The mpressor plugin is the perfect tool for modern dynamics processing and the emulation of our beloved analog mpressor hardware. In addition to great-sounding standard compression, this compressor provides several creative functions that produce fat sounds with punch, beautiful coloration, and extreme processing effects. The mpressor plugin is equally at home compressing tracks or busses in a mix or while tracking.
“I used the mpressor plugin the other day in my process of printing stems for a record that I mixed. I print stems with no bus compressor, then bounce them through a bus compressor in Pro Tools, with all stems contributing to the sidechain. This way the end result of putting all the stems together is extremely close to the original mix. Since I used my hardware mpressor on the mix, I used the plugin on the bounce. I set up the parameters exactly like the hardware, and it sounded insanely close to the original mix! Even the threshold was right on the money! Well done.”
Attack and release are very crucial factors for the operations of a compressor. Choosing the right time settings is very important, but depending on the dynamic progress of the source material this can be a difficult task – no matter if single tracks or complete mixes are processed.
If a very short attack time is chosen, the compressor is able to catch the short peaks, but on the other hand the sustaining signal will also be processed, which might result in audible distortion. Longer settings reduce distortion significantly, but then the compressor is too slow for catching fast impulses.
This is where the Auto Fast function comes into play. For example, if you set the attack to 80 ms and then engage the Auto Fast mode, the attack time will be shortened automatically on fast and loud signal impulses. The compressor reduces the signal quickly and prevents it from slipping through.
Then the attack time directly and automatically returns to its original setting. In Auto Fast mode the compressor can be very fast, but only when it is really needed. This function influences the attack parameter on short and loud impulses only; in all other cases the original setting of the controller has priority.
The separate Auto Fast for the release controller behaves in a similar way. The release also often forces the user to accept compromises when searching for the right setting. If it is set it too fast, distortion will occur, if it is too slow, drive and loudness are lost. In Auto Fast mode the compressor adapts to the currently right setting automatically.
It is the time constants and especially the release parameter that decide if the processing of a compressor is obvious or unobtrusive to the ear. Mastering applications, for instance, require a discreet performance as a general rule. Here you will find mostly logarithmic or linear release curves.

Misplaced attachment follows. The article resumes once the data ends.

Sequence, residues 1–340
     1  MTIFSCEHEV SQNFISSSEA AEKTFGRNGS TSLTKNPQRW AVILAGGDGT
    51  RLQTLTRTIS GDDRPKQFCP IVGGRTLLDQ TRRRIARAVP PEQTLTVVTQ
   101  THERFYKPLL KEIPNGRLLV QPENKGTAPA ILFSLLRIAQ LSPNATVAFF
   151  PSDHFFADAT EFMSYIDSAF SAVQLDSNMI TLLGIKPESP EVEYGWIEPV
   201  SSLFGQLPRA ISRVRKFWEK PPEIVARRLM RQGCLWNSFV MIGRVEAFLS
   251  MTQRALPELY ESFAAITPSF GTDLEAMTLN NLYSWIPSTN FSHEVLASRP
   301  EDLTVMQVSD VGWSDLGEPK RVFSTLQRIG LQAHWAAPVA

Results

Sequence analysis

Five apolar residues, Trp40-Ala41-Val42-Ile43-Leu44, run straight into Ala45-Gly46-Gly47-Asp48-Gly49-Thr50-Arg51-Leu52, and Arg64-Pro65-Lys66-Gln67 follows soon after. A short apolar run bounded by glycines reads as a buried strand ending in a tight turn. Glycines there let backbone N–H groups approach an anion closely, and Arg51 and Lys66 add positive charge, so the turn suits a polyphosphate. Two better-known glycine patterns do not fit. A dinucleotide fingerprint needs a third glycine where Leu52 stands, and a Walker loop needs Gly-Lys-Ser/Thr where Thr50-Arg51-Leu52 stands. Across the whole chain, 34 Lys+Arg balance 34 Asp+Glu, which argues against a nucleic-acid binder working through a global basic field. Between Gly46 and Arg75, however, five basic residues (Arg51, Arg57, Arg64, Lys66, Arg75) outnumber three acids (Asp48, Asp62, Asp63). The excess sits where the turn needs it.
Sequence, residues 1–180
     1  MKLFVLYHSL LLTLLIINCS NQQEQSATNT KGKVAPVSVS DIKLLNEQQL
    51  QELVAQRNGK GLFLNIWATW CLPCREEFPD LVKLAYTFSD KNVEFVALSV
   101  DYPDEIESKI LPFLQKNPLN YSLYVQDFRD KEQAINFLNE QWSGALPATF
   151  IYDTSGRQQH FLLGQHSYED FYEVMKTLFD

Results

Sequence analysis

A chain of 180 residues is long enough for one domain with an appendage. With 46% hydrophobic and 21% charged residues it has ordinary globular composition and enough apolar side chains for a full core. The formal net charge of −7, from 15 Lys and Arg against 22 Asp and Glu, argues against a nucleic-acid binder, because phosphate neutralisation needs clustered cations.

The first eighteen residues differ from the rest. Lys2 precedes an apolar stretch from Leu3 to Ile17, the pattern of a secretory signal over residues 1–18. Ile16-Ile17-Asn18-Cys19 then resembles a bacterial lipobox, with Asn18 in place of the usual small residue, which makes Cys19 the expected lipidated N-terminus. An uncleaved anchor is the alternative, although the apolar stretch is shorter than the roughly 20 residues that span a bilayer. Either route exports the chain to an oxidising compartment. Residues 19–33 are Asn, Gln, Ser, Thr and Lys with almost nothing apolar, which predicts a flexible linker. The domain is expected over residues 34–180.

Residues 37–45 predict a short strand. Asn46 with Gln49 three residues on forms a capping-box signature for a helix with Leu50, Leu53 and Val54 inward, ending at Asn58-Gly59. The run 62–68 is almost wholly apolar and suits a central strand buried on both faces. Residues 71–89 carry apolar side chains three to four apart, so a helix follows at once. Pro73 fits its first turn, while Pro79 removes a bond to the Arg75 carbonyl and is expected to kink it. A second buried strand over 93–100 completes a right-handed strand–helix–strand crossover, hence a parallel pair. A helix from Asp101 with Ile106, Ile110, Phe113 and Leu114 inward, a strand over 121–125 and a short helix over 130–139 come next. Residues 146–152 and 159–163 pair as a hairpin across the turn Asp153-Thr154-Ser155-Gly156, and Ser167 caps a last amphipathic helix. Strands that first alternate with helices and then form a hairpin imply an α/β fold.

It is characteristic of a logarithmic release that the time constant shortens when the amount of gain reduction increases. The advantage of this behavior is that short and loud peaks (e.g. drums) have a fast release time, while the remaining material is processed with a slower release time.
But if intentionally striking and creative compression is the goal, it definitely makes sense to turn things upside down. In the Anti Log mode of the mpressor the curve behaves just the other way round: If the threshold value is passed and compression starts, the release time will be longer at the beginning. If the input signal starts to decline, however, the release time will become faster as a result.
A special circuitry makes this behavior independent from the absolute amount of gain reduction. No matter if the compressor reduces 10, 15 or 20 dB, the curve will always stay the same at the beginning and it will only become faster at the end. With this feature you can create many exceptional compression effects just by the push of a button!
Negative ratios – what exactly does this mean? To get a better understanding of this function, it makes sense to realize what the ratio control of a ‘normal’ compressor does:
1:1 The signal remains linear, there is no compression going on.
1:2 After crossing the threshold, an increase of 2 dB at the input will be compressed to an increase of 1 dB at the output.
1:∞ After crossing the threshold, the output signal is constantly held at the threshold level without reacting to further increases at the input (limiter).
At a negative ratio, the characteristic curve bends and returns back down after crossing the threshold. The louder the input signal, the lower the output signal – perfect for groovy compression effects. To get a grip on the extreme ‘destruction’ this can cause, engaging the Gain Reduction Limiter is just the right idea.
This filter specialized in changing the overall sonic character of a track in fine nuances. It features two controllers per channel and is capable of flexibly producing convincing results in no time at all. Whenever a classic shelving filter would be too limited and a fully parametric filter would too much, the Niveau Filter is the efficient and elegant solution.
Its main task is changing the proportions between high and low frequencies. It works like a pair of scales: Dependent on the gain setting around a selectable center frequency, the high frequencies are boosted up to +3 dB while the low frequencies are simultaneously attenuated by -5 dB maximum. Turning the gain controller into the other direction will cut the treble and boost the bass instead.